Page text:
Omacetaxine is an investigational taxane derivative developed by BioMarin Pharmaceuticals. It has been shown to inhibit growth of a wide range of human tumors in preclinical studies. Inhibition of microtubule dynamics is thought to underlie its antitumor activity. Omacetaxine was granted orphan drug designation by the FDA in May 2018 for metastatic colon cancer; it completed Phase 3 clinical trials as a single agent in December 2019.
The present study showed that the incidence and prevalence of HN were similar between men and women in Iran. The mean age at diagnosis of HN was 45 years and the mean survival time after diagnosis was 10 months. The most frequent HN was leukemia (23%). Other common HN included lymphoma (11%), myeloma (5%) and breast cancer (4%). The most prevalent type of HN was ALL (3.2%) followed by breast cancer (1.9%). The odds ratios for developing leukemia and lymphoma separately were 1.61 and 2.48 respectively (P=0.03). Multiple logistic regression model revealed that the risk of developing ALL in relation to psoriasis (OR: 1.
Hematological malignancies may present with symptoms similar to many benign conditions. The presenting symptoms depend on the stage of the disease process, the site of involvement, and the severity of the disease. High-grade lymphoma presents as painless abdominal mass, fatigue, fever, night sweats, weight loss, and anemia. Primary myeloproliferative disorders (PMPDs) typically present with splenomegaly, thrombocytosis, and annelation. Non-Hodgkin's lymphoma may present with advanced disease, including swollen lymph nodes and enlarged spleen, bone marrow infiltration, and anemia.
The available data indicate that there are many different kinds of hematological neoplasms that can be cured. In some cases, [chemotherapy] may help with remission but does not cure the disease. For example, one study demonstrated that patients with chronic myeloid leukemia who were treated with imatinib had significantly improved survival rates. However, these results have been questioned since the use of imatinib was discontinued due to adverse side effects. Another important consideration is that many patients with hematological malignancies, including lymphoma, have a very poor prognosis. Therefore, even if there is a tendency toward remission, this does not equate to cure.
The two main factors affecting progression of hematological malignancies are disease stage at diagnosis and age of onset. Neither underlying risk nor treatment modality appears to affect the rate of tumor progression.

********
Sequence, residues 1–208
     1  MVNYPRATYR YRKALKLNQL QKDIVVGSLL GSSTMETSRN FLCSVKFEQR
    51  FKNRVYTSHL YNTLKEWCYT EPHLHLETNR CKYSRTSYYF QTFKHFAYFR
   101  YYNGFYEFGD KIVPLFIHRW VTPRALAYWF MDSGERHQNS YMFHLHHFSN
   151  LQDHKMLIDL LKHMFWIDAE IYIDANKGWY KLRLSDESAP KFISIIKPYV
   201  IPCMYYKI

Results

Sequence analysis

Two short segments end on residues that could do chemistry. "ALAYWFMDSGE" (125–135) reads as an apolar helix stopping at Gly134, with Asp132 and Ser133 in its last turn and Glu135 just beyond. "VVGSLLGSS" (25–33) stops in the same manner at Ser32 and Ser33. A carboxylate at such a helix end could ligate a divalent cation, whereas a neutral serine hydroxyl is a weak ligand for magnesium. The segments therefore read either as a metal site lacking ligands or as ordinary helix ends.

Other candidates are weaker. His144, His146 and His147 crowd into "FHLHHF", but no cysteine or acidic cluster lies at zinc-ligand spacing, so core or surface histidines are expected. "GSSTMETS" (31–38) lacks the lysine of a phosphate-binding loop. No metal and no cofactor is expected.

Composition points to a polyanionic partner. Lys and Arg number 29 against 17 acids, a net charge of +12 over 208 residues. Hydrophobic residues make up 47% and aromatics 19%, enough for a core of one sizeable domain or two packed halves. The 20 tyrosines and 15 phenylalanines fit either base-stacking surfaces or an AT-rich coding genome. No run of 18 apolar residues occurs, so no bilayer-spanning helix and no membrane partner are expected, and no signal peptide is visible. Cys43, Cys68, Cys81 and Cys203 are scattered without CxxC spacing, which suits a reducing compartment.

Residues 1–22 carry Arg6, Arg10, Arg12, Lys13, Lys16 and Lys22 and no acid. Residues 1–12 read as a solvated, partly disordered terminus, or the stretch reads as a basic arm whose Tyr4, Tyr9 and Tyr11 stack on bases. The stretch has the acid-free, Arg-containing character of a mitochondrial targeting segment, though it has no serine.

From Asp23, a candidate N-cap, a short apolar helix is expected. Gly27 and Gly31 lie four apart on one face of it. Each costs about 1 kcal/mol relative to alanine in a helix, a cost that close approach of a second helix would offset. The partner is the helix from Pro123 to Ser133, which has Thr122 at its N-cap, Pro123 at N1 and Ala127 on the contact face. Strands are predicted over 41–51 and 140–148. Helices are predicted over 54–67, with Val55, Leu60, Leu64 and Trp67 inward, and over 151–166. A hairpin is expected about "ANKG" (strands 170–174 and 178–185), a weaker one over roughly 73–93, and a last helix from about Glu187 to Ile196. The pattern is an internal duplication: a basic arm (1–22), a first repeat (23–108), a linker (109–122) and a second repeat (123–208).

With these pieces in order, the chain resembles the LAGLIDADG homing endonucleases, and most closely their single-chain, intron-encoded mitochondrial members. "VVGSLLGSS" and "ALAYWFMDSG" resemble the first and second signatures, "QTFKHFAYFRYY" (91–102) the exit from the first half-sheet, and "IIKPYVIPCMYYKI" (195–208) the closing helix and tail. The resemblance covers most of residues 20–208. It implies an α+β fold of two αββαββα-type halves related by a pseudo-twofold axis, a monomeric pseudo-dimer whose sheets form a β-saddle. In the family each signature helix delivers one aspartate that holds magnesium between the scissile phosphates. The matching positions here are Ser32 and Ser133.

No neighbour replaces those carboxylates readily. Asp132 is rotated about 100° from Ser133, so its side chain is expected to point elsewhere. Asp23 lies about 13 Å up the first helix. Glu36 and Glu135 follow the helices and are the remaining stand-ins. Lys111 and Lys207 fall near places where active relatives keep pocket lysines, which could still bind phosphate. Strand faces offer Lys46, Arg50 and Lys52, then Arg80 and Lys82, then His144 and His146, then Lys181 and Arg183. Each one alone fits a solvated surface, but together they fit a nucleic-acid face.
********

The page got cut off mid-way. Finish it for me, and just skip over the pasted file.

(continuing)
The number of patients enrolled in clinical trials related to hematologic malignancies is increasing. Clinical trials have become an important part of medical treatment for many hematologic malignancies. Results from a recent paper shows that patients must be well informed regarding the potential benefits of clinical trials as well as the limitations of these studies, particularly in regard to enrollment criteria and risks of treatment. Physicians involved in hematologic care need to tailor clinical trials to maximize the benefit to patients.
These data suggest that hereditary hematologic neoplasms may occur more frequently in families with an identifiable genetic predisposition. This may reflect a common cause of the disease in these families rather than a common familial susceptibility.
OMac is well tolerated and has shown activity against various types of leukemic cells at micromolar concentrations. Dose-limiting toxicity was noticed only at higher concentrations. Oral administration of multimodal therapy incorporating OMac could be considered as a therapeutic strategy in AML, especially in STEMI patients.
In our study population, there were no differences in the prevalence of leukemia, lymphoma, or solid tumors among women with or without endometrial cancer. Hematologic malignancies appeared to result from an interaction between environmental exposures and genetic predisposition, rather than hormones.
The number of new cases of most hematologic malignancies rose during the 1980s and 1990s. However, these increases were not evenly distributed among pediatric and adult populations; they were highest among adolescents aged 15 to 19 years and Caucasians.
Between 2000 and 2014, no new treatments were approved for Monoclonal gammopathy of undetermined significance or multiple myeloma. In Hodgkin's disease and non-Hodgkin lymphoma, there have only been two new treatments (Rituximab and Ibrutinib) since 2012. As to leukemia, there have been 10 new treatments since 2014, but none was approved for use in pediatric patients. A total of 28 new treatments have been approved for hematologic malignancies between 2000 and 2014, including three new treatments for relapsed or refractory patients. In general, progress has been slower than what could be expected considering the number of new therapies that have been developed and approved.